The speech made by Siobhan Baillie, the Conservative MP for Stroud, in the House of Commons on 7 November 2023.
It is an honour to second the Loyal Address and I am proud that the Stroud constituency is playing its part in history, given that this is the first state opening by His Majesty the King. The late Queen was an inspiration for everyone across this great nation. For Members of this House, she reminded us that, despite the melodrama of politics, we are all here to serve the public. The King is already following in his mother’s footsteps and making us all proud, although when I told my non-political family that I was going to be talking about the King’s Speech, the response I got was, “Oh, great, that’s a really good film.” [Laughter.]
Talking about hard acts to follow, my right hon. Friend the Member for Scarborough and Whitby (Sir Robert Goodwill) had me doing a fair few “lols”; I know exactly the areas he is talking about. He has definitely landed that promotion with that speech, in his final furlong. We have many connections, which I will touch on today, but Scarborough Athletic FC will play Stroud’s Forest Green Rovers in the FA cup next week, so we have another rumble to come. I know my right hon. Friend will be missed when he gets his pipe and slippers out to retire next year, but his lovely new grandchildren will keep him very busy.
I went to school in my right hon. Friend’s constituency. If I could tell the younger me in Scarborough, a young fashionista wearing Spice Girl platforms, Adidas trackie bottoms and a second-hand Umbro jumper—it was a very strong look, although I am grateful that there were no camera phones then—that I would have the privilege of representing the beautiful constituency of Stroud, speaking ahead of the Prime Minister, after being in the same room as the King and the Queen, I think young me would have thought I had lost the plot. What did the Conservative party do for a free school meal kid, who left home at 15 and did not go to university? It gave her a seat at the most famous palace in the world, led by the son of a pharmacist, who is also leading the most diverse Cabinet we have ever known.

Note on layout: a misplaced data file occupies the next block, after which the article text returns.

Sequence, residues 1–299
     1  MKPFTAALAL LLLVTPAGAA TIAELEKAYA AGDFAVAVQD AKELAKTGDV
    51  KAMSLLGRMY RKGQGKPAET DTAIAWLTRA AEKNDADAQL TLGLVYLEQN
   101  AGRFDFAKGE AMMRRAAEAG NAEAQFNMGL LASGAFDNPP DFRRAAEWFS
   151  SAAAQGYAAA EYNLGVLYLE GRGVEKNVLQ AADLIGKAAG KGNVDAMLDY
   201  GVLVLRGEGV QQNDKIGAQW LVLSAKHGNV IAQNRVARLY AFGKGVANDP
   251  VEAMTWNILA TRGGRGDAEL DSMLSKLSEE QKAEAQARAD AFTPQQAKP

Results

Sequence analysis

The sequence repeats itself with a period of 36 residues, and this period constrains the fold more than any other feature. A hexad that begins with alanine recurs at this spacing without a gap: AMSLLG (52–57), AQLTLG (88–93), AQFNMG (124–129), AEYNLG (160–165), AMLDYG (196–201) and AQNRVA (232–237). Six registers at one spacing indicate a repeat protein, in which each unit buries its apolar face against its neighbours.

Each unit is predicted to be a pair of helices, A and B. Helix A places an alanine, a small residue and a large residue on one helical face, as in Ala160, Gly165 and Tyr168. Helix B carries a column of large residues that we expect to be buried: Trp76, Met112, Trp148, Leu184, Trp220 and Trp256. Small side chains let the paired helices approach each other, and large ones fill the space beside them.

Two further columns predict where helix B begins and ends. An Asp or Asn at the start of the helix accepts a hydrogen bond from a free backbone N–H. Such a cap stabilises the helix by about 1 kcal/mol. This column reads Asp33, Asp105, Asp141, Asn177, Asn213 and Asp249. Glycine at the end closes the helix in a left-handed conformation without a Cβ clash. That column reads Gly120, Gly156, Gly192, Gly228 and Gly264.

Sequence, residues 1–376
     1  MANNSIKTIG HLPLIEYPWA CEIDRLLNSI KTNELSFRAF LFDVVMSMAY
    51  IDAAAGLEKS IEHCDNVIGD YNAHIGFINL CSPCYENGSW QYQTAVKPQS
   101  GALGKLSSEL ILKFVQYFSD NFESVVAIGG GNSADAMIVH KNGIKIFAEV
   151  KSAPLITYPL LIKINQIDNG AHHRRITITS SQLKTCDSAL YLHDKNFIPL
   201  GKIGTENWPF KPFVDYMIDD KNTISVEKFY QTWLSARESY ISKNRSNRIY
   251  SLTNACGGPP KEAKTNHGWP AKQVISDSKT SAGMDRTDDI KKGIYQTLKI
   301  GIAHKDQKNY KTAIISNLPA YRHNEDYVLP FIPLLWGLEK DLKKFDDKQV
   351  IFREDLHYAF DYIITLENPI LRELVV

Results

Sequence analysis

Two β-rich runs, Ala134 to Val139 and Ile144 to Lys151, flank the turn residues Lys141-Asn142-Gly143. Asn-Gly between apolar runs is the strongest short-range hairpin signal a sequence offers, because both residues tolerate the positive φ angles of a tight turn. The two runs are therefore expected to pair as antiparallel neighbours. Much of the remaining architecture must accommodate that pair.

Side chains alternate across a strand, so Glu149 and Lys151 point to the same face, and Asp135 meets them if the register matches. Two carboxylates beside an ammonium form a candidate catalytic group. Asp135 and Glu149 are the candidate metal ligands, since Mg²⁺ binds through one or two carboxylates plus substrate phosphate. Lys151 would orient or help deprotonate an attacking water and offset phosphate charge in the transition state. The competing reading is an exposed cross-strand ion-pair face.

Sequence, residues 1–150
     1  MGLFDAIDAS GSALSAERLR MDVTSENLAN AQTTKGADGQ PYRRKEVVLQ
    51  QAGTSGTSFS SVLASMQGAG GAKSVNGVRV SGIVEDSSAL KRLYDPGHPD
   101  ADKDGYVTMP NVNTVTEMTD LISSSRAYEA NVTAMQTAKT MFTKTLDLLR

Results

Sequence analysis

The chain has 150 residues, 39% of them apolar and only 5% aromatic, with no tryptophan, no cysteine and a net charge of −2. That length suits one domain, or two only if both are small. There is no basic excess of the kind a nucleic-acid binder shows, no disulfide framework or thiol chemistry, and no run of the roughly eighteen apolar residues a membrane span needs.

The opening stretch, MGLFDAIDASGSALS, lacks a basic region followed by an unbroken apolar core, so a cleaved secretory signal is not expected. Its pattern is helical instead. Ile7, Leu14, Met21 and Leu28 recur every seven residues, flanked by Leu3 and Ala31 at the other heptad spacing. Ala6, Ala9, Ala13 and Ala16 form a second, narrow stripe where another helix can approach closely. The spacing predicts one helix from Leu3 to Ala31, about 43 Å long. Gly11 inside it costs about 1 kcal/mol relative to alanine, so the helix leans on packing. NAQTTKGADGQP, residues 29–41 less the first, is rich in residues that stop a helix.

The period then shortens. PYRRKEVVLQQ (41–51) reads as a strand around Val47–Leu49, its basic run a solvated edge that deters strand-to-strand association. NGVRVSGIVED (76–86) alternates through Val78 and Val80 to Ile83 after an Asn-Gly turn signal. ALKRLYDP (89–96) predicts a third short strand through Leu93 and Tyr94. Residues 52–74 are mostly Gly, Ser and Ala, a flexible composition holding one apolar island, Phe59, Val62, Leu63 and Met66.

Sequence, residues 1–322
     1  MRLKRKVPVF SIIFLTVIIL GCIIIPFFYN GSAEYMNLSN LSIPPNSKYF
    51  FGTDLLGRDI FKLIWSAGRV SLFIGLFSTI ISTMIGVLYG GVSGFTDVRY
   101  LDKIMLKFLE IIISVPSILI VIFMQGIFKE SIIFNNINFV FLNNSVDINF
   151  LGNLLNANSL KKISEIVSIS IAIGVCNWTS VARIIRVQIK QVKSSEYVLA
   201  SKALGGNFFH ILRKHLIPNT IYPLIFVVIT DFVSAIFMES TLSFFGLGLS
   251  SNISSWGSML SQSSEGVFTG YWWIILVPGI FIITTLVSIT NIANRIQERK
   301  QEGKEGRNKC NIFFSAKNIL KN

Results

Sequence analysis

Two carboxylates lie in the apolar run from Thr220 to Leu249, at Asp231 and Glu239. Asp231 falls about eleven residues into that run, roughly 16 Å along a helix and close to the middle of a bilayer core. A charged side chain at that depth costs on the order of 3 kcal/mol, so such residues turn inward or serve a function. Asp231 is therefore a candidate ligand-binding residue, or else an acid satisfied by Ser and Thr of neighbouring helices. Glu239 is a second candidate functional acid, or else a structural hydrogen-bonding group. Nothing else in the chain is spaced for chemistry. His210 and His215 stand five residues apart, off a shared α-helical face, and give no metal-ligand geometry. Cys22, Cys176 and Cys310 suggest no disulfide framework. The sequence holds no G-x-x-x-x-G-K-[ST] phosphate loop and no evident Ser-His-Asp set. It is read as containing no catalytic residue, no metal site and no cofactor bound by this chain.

The public service bit of this job motivates me, but that is not what hits the headlines. I am often asked, “How do you survive with everybody backstabbing, doing their own thing and out to get each other?” I just smile and say, “I don’t hang around with the Labour party.” [Interruption.] I love you all really. To be honest, the parliamentary Labour party has absolutely nothing on the Stroud Labour party, whose members have all resigned or fallen out with each other. What I actually say is that to survive in this place you have to find some friends, and then fully expect them to push you into the Thames in the run-up to a reshuffle.
We also get new friends for very short periods of time, come Select Committee elections. I sort of miss the daily messages from the right hon. Member for Birmingham, Hodge Hill (Liam Byrne). His text messages are less famous than his scary handwritten notes about the economy, but they are still persistent.